In the meantime, Flying Officer Mason was flying alone at 6,000 feet, ten miles west of Martuba when he discovered seven CR.42s in two formations of five and two, ahead of him and at the same height. Mason attacked single handed, starting a general dogfight down to 2000 feet, which ended with himself claiming three CR.42s crashed into the ground without burning and confirmed by troops of 2/4 Battalion of the 19th Australian Brigade over whom the fight took place. In his C.F.R. Mason didn’t mention that he was shot down during the combat, however, in a letter to his parents he described the action in this way:
“I had a quick dogfight with them all round me. The first one I fired at went down and crashed without burning. The second and third each turned slowly over and dived straight in and exploded. All this was over in two or three minutes. By the time the third one was down the others had disappeared which was very fortunate as my motor cut and I had to force land (…) I landed next to a blazing CR 42 amidst crowds of wildly enthusiastic Australians (about 30 miles south-west of Gazala). Unfortunately the ground was very rough and I burst a tyre and went up on my nose, wrecking the poor old aircraft with which I had got all my victories.It seems possible that P3722 later was salvaged by the efficient recovery teams of the RAF because even if not more flown by 274 Squadron during February and March it is recorded as finally lost on El Adem on 22 April 1941 some days after that the Afrika Korps had invested that airbase.
After I force-landed I learnt that one of the CR42 pilots had tried to bale out but his parachute had not opened. So I had a look at him. He was about 200 yards from his still-blazing machine. I had got him in the right shoulder so he had not been able to open his chute. I went through his pockets and found a lot of interesting snapshots and a lot of letters. Before I left I covered him with his parachute and weighted it down with stones. I hitchhiked by road and air, back to the Squadron. When I arrived there I was accosted by several press representatives who made me pose for photographs.”
A heavy raid was launched on Tobruk at dawn on 22 April by around 30 Ju 87s, including five from the 236a Squadriglia, six Bf 110s plus about a dozen Bf 109Es and G.50bis providing escort.
Four Hurricanes from 73 Squadron got off, their pilots claiming one Ju 87 shot down, one probable and one damaged. Gunners in the Luftwaffe bombers claimed to have shot down a Hurricane, but none of the British fighters suffered any notable damage.
The same four fighters intercepted another incursion at 10:50, Flying Officer Richard Martin (V7372) claiming a Bf 109E shot down over Tobruk at around 11:30. Then half an hour later five more Hurricanes were scrambled, Sous Lieutenant Albert Littolf (V7353) also claiming a Bf 109 south-west of Tobruk at 11:25.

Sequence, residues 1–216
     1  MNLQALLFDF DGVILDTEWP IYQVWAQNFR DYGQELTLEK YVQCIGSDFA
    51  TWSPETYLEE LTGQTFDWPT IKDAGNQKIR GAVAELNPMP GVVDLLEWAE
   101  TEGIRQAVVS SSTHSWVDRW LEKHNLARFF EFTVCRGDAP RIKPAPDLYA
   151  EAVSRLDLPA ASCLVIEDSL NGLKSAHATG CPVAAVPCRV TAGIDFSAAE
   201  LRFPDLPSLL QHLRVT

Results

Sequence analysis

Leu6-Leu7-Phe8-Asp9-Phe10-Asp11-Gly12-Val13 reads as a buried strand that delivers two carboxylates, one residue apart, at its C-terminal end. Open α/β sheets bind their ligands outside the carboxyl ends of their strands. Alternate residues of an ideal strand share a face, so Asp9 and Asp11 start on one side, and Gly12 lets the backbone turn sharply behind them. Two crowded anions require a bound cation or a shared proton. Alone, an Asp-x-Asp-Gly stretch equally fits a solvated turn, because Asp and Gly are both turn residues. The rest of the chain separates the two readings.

It seems likely that Littolf and Martin had in fact attacked the same aircraft, for JG 27’s loss was Oberfähnrich Heinrich Pompsch from 2./JG 27 in Bf 109E-7 WNr. 4112, who apparently managed to bale out, but died of his wounds next day.
Sergeant A. E. Marshall (V7353) had encountered the Italian fighters, meanwhile, shooting down Sergente Enzo Falcinelli from 358a Squadriglia (Fiat G.50bis MM5455), who was killed.
Capitano Salvatore Teja (CO 152a Squadriglia) claimed a Hurricane in return, shared with Sergente Rino Ricci (152a Squadriglia) and a second was claimed by Capitano Sterzi, CO of the 358a Squadriglia (09:40-11:10) but no 73 Squadron aircraft were lost or damaged.
Taking off at 15:15 on 16 June, Capitano Sterzi claimed a Hurricane in the Sidi Omar area.
In mid-afternoon on 26 May 1942, eight 603 Squadron Spitfires scrambled, followed by four each from 185 and 249 Squadrons. A fighter sweep by 13 Re.2001s from the 2o Gruppo was engaged by the 603 Squadron flight. Flying Officer Richard Mitchell and Pilot Officer Leslie Barlow each claimed one shot down, and Flight Lieutenant Lester Sanders another damaged.
Capitano Sterzi (CO 358a Squadriglia) was shot down, his aircraft going down in a screaming vertical dive to crash in a field near Ghaxaq. He managed to bale out but his parachute failed to open properly, and he fell to his death near Luqa. At least two other Reggianes returned seriously damaged, while one Spitfire was claimed in return by Tenente Giorgio Gasperoni. It would appear that he attacked Sergeant Yarra of 185 Squadron, whose aircraft (GL-B) was shot-up by a Re.2001, although the damage was not serious.
He was decorated with a posthumous Medaglia d’oro al valor militare.
At the time of his death, Sterzi was credited with 1 biplane victory and a total of 6.
During the war, he had also been decorated with two Medaglie d’argento al valor militare.
|Kill no.||Date||Time||Number||Type||Result||Plane type||Serial no.||Locality||Unit|
|1||??/??/3?||1||Enemy aircraft||Destroyed||CR.32||Spain||XXIII Gruppo|
|2||25/01/41||07:30-09:30||1||Gladiator (a)||Destroyed||G.50bis||MM6335||Mechili area||358a Squadriglia|
|3||22/04/41||09:40-11:10||1||Hurricane (b)||Destroyed||G.50bis||Tobruk area||358a Squadriglia|
|4||16/06/41||15:15-||1||Hurricane||Destroyed||G.50bis||Sidi Omar area||358a Squadriglia|
A History of the Mediterranean Air War 1940-1945: Volume One – Christopher Shores and Giovanni Massimello with Russell Guest, 2012 Grub Street, London, ISBN 978-1908117076
Air War over Spain - Jesus Salas Larrazabal, 1974 Ian Allan Ltd, Shepperton, Surrey, ISBN 0-7110-0521-4
Assi Italiani Della Caccia 1936-1945 - Giovanni Massimello, 1999 Aerofan no. 69 apr.-giu. 1999, Giorgio Apostolo Editore, Milan
Desert Prelude: Early clashes June-November 1940 - Håkan Gustavsson and Ludovico Slongo, 2010 MMP books, ISBN 978-83-89450-52-4
Desert Prelude: Operation Compass - Håkan Gustavsson and Ludovico Slongo, 2011 MMP books, ISBN 978-83-61421-18-4
Fiat CR.32 Aces of the Spanish Civil War - Alfredo Logoluso, 2010 Osprey Publishing, Oxford, ISBN 978-1-84603-983-6
Malta: The Spitfire Year 1942 - Christopher Shores and Brian Cull with Nicola Malizia, 1991 Grub Street, London, ISBN 0-948817-16-X